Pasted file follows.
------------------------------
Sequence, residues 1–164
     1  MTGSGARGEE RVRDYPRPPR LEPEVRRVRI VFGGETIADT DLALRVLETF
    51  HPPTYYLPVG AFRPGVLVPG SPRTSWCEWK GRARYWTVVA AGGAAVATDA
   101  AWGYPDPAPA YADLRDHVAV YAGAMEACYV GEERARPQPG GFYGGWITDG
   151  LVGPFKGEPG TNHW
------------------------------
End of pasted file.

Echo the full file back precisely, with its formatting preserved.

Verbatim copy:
Sequence, residues 1–164
     1  MTGSGARGEE RVRDYPRPPR LEPEVRRVRI VFGGETIADT DLALRVLETF
    51  HPPTYYLPVG AFRPGVLVPG SPRTSWCEWK GRARYWTVVA AGGAAVATDA
   101  AWGYPDPAPA YADLRDHVAV YAGAMEACYV GEERARPQPG GFYGGWITDG
   151  LVGPFKGEPG TNHW